Every day, I see my son with ASD struggle with something new. Whether he encounters surprise thunderstorms, the dreaded fire drills, or broccoli. What seems minor to you and I becomes quite a big deal for him. And let’s be honest. It takes courage to confront the unknown or the uncomfortable and power through it like a boss.
What is courage?
The dictionary defines courage as “the ability to do something that frightens one” or “strength in the face of pain or grief.” My son demonstrates this character trait daily. He comes home and tells me, “Mom, we had a fire drill, and I dealt with it!” You have no idea how much courage that takes him. He used to crawl under furniture, act out, and lose the whole rest of his day to fire drills. Vegetables are another matter entirely. Texturally, they bug him and they don’t taste so great to him. But when he sticks a bit of broccoli in his mouth, bites, chews, and swallows, he’s demonstrated courage. He encountered something that causes him grief, and he showed strength by overcoming it.
Courage doesn’t come easily or all the time, but it’s important to celebrate it when it happens.
I think we struggle as neurotypical people to define some actions as courage for those who are not neurotypical. Does eating a pea qualify as courage? Certainly–if it genuinely causes grief and mental anguish to do so. Does watching television in the livingroom during a thunderstorm qualify as courage? Of course–if normally thunderstorms send your child running for an enclosed space with headphones and a blanket!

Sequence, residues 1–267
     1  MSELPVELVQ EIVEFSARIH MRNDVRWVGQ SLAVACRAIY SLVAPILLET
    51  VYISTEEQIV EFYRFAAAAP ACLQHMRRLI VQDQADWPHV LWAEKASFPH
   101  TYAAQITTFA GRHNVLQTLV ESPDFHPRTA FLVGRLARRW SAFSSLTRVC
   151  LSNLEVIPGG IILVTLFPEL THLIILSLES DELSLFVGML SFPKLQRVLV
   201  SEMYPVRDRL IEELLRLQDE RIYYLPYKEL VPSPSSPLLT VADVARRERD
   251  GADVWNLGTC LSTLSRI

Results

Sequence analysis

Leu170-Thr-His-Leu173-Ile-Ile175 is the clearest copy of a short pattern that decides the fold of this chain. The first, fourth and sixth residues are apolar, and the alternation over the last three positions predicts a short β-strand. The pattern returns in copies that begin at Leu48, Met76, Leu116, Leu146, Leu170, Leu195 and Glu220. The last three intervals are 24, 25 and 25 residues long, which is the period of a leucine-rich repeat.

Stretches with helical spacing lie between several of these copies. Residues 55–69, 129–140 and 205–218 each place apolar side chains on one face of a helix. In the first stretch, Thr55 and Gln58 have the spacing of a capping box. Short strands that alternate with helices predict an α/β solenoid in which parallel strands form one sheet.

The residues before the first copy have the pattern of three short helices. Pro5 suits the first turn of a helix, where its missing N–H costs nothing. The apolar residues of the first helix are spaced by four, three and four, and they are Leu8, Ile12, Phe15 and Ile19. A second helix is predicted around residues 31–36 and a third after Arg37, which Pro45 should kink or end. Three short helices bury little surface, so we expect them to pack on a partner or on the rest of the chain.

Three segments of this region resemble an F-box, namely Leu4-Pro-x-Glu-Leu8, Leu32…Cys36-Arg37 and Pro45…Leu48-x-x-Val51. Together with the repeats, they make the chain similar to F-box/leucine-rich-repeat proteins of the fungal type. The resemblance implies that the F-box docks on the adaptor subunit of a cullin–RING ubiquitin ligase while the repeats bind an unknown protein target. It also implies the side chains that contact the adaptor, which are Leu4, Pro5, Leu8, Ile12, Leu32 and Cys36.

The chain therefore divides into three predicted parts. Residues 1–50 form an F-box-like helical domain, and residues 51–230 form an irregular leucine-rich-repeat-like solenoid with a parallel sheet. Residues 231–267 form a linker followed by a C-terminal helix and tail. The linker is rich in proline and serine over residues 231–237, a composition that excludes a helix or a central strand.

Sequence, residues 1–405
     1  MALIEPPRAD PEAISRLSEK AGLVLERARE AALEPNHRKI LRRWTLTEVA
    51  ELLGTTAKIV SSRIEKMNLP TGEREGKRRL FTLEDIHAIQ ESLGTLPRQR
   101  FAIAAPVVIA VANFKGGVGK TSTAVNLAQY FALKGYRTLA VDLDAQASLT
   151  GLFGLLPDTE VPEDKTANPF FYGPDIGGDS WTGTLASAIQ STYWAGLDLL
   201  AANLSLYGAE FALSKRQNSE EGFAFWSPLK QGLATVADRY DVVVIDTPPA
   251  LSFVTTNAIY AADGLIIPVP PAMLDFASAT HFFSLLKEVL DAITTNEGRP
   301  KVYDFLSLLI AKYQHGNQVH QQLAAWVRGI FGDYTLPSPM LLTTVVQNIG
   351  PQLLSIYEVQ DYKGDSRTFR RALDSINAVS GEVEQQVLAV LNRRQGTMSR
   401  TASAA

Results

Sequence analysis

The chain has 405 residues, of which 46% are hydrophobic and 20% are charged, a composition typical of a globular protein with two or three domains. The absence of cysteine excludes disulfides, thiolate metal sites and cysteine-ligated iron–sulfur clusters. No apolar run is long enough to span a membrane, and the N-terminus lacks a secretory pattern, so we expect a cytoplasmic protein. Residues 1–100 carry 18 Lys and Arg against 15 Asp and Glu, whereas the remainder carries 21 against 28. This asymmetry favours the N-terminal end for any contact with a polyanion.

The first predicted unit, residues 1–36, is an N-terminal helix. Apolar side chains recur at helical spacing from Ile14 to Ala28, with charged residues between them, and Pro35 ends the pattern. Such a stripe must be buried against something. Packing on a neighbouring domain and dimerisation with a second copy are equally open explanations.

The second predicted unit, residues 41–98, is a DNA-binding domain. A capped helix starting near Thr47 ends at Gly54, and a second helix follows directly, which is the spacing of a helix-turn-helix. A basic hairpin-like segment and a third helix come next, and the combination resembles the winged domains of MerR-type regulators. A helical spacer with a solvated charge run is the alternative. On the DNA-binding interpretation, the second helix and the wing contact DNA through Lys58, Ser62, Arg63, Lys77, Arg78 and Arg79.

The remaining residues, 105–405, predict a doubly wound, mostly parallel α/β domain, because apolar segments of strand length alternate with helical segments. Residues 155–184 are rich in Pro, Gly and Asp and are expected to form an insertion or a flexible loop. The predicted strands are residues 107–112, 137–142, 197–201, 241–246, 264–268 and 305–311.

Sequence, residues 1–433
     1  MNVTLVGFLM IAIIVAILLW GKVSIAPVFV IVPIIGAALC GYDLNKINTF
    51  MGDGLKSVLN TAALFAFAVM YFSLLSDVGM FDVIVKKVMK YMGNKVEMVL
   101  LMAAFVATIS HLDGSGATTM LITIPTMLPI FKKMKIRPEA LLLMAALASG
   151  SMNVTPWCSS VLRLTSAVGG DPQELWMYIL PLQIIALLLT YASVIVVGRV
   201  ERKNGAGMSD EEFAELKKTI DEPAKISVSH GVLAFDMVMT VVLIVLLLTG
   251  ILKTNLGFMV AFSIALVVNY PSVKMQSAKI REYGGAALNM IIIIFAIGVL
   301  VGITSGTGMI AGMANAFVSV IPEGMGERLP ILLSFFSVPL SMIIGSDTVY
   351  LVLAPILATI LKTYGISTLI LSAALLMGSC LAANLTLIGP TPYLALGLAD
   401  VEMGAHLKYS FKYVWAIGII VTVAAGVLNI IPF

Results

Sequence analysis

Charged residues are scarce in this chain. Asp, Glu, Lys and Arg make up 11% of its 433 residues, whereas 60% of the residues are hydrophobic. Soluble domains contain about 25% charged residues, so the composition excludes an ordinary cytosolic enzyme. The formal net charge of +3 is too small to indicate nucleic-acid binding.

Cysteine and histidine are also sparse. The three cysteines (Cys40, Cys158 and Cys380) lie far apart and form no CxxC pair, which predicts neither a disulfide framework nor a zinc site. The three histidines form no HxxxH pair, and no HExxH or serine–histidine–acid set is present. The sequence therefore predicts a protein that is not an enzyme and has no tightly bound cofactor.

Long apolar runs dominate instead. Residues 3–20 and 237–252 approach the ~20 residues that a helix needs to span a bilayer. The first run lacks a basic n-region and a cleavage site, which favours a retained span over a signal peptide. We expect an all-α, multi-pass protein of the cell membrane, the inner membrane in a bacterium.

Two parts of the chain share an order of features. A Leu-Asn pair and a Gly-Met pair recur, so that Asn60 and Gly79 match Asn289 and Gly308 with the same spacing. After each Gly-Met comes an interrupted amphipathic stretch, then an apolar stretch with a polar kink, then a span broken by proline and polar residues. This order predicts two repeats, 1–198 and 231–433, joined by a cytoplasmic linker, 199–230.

Does my son always find the courage to power through? Of course not. He’s human! I find it genuinely frightening to go up to a group of people I don’t know and introduce myself. Sometimes I’m courageous enough to do and sometimes I’m not. My point? We need to cut our ASD children some slack when it comes to pushing them outside of their comfort zone. Push too hard, and you’ve caused a setback. Don’t push hard enough, and you maintain status quo. But you do what you and your child feel comfortable with. Which battle is most important to fight first? The battle of the broccoli or the battle of the bumblebee?
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You can make courage come more easily
Do what you can to make it easy to obtain mastery of goals. Headphones help with noise issues. Weighted lap pads, stuffed animals, or blankets help with security issues. Scented oils can help with many other issues. Don’t expect courage to happen all the time because it won’t and if you expect it, you’ll feel crushed when it doesn’t happen, but rather wait and enjoy the successes. Because the successes are oh so sweet!